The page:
War of the Rebellion: Serial 021 Page 0906 W. FLA., S. ALA., S. MISS., LA., TEX., N. MEX. Chapter XXVII.

Search Civil War Official Records

BY THE PRESIDENT OF THE CONFEDERATE STATES.

A PROCLAMATION.

Whereas a communication was addressed on the 6th day of July last (1862) by General Robert E. Lee, acting under the instructions of the Secretary of War of the Confederate States of America, to General H. W. Halleck, general-in-chief of the United States Army, informing the latter that a report had reached this Government that William B. Mumford, a citizen of the Confederate States, had been executed by the United States authorities at New Orleans for having pulled down the United States flag in that city before its occupation by the forces of the United States, and calling for a statement of the facts, with a view to retaliation, if such an outrage had really been committed under sanction of the authorities of the United States;

And whereas (no answer having been received to said letter) another letter was, on the 2nd August last (1862), addressed by General Lee, under my instructions, to General Halleck, renewing the inquiry in relation to the said execution of said Mumford, with the information that in the event of not receiving a reply within fifteen days it would be assumed that the fact alleged was true and was sanctioned by the Government of the United States;

And whereas an answer, dated on the 7th August last (1862), was addressed to General Lee by General H. W. Halleck, the said general-in-chief of the armies of the United States, alleging sufficient cause for failure to make early reply to said letter of 6th July, asserting that "No authentic information had been received in relation to the execution of Mumford, but measures will be immediately taken to ascertain the facts of the alleged execution," and premising that General Lee should be duly informed thereof;

And whereas on the 29th November last (1862) another letter was addressed, under my instructions, by Robert Oulc, Confederate agent for the exchange of prisoners, under the cartel between the two Governments, to Lieutenant Col. W. H. Ludlow, agent of the United States under said cartel, informing him that the explanations promised in the said letter of General Halleck of 7th of August last had not yet been received, and that if no answer was sent to the Government within fifteen days from he delivery of this last communication it would be considered that an answer is declined,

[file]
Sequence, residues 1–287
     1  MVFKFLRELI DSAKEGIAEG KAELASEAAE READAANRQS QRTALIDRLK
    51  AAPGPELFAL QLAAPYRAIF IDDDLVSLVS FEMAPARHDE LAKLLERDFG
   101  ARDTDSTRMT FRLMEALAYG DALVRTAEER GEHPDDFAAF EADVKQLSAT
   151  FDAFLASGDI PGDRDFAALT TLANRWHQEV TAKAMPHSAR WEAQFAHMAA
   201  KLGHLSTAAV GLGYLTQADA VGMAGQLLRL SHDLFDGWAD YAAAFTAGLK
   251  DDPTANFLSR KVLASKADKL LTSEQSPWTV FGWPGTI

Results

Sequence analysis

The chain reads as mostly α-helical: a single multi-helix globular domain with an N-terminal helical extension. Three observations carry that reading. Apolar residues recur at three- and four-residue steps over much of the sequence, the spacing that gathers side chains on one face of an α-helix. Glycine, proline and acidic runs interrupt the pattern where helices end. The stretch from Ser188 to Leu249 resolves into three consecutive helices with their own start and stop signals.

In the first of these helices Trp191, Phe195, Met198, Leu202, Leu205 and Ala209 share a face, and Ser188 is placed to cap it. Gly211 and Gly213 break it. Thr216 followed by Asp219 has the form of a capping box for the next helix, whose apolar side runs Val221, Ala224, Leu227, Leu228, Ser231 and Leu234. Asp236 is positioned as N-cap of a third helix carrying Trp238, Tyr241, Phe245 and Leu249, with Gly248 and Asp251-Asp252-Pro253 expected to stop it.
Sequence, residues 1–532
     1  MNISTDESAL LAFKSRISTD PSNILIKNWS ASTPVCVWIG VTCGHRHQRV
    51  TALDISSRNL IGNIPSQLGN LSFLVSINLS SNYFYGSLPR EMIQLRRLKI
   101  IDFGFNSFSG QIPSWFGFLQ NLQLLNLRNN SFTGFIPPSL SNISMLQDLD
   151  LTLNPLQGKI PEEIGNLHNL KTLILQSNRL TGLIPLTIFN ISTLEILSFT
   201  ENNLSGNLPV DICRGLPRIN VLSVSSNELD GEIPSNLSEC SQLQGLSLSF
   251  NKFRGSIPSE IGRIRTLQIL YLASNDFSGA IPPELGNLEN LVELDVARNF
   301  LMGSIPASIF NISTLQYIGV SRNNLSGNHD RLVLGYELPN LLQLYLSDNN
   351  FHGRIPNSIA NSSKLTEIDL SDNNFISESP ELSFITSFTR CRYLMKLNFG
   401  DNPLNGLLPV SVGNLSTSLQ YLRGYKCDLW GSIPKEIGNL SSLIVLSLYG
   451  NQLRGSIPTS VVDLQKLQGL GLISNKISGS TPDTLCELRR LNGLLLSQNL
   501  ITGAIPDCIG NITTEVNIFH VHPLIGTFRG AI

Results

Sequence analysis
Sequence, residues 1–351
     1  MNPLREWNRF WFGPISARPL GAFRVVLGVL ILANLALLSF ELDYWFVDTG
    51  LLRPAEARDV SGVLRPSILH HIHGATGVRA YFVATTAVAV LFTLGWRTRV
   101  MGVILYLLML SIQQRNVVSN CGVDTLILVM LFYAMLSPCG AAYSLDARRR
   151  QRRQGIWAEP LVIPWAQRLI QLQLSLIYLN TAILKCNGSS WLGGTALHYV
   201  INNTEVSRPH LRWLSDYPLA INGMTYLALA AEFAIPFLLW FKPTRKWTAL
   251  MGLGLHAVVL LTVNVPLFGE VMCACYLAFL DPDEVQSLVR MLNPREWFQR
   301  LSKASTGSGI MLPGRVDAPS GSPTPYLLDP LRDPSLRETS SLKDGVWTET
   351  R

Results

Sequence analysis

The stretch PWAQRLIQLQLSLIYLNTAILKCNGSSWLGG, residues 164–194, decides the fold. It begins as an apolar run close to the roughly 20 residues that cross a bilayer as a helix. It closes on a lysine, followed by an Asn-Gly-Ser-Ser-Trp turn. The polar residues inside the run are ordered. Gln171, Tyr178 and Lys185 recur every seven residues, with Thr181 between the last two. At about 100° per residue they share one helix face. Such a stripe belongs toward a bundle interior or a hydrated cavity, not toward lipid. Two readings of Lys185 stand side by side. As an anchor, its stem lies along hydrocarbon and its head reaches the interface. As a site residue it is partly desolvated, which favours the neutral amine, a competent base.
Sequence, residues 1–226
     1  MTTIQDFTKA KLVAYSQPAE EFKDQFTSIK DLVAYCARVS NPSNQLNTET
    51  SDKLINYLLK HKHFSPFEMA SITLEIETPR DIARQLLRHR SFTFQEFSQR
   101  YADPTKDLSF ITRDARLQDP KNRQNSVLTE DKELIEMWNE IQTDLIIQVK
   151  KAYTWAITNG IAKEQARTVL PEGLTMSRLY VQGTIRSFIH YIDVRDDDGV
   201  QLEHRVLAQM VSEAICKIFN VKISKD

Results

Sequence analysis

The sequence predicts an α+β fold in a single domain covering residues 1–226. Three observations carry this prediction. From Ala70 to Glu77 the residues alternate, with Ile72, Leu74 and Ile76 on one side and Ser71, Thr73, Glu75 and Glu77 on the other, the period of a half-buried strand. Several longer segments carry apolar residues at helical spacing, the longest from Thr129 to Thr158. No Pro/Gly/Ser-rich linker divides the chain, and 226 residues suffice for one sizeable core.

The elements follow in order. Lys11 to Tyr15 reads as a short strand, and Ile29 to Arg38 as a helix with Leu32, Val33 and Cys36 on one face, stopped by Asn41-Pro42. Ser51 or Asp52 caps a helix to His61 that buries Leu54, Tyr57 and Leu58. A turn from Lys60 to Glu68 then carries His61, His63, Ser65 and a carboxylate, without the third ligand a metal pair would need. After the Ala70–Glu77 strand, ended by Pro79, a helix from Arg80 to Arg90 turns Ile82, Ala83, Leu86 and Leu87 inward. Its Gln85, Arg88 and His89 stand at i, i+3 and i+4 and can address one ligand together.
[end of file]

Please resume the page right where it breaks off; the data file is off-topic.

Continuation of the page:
And whereas, by letter dated on the 3rd day of the present month of December, the said Lieutenant-colonel Ludlow apprised the said Robert Ould that the above-recited communication of 29th of November had been received and forwarded to the Secretary of War of the United States;

And whereas this last delay of fifteen days allowed for answer has elapsed and no answer has been received;*

And whereas, in addition to the tacit admission resulting from the above refusal to answer, I have received evidence fully establishing the truth of the fact that the said William B. Mumford, a citizen of this Confederacy, was actually and publicly executed in cold blood by hanging after the occupation of the city of New Orleans by the forces under the command of General Benjamin F. Butler, when said Mumford was an unresisting and non-combatant captive, and for no offense even alleged to have been committed by him subsequent to the date of the capture of the said city;

And whereas the silence of the Government of the United States and its maintaining of said Butler in high office under its authority for many months after his commission of an act that can be viewed in no other light than as a deliberate murder, as well as of numerous other outrages and atrocities hereafter to be mentioned, afford evidence only too conclusive that the said Government sanctions the conduct of said Butler and is determined that he shall remain unpunished for his crimes:

Now, therefore, I, Jefferson Davis, President of the Confederate States of America, and in their name, do pronounce and declare the said Benjamin F. Butler to be a felon, deserving of capital punishment. I do order that he be no longer considered or treated simply as a public enemy of the Confederate States of America, but as an outlaw and common enemy of mankind, and that in the event of his capture the officer in command of the capturing force do cause him to be immediately executed by hanging; and I do further order that no commissioned officer of the United States taken captive shall be released on parole before exchange until the said Butler shall have met with due punishment for his crimes.

And whereas the hostilities waged against this Confederacy by the forces of the United States under the command of said Benjamin F. Butler have borne no resemblance to such warfare as is alone permissible by the rules international law or the usages of civilization, but have been characterized by repeated atrocities and outrages, among the large number of which the following may be cited as examples:

Peaceful and aged citizens, unresisting captives and non-combatants, have been

---------------

* Correspondence referred to in this proclamation will appear in Series II.

---------------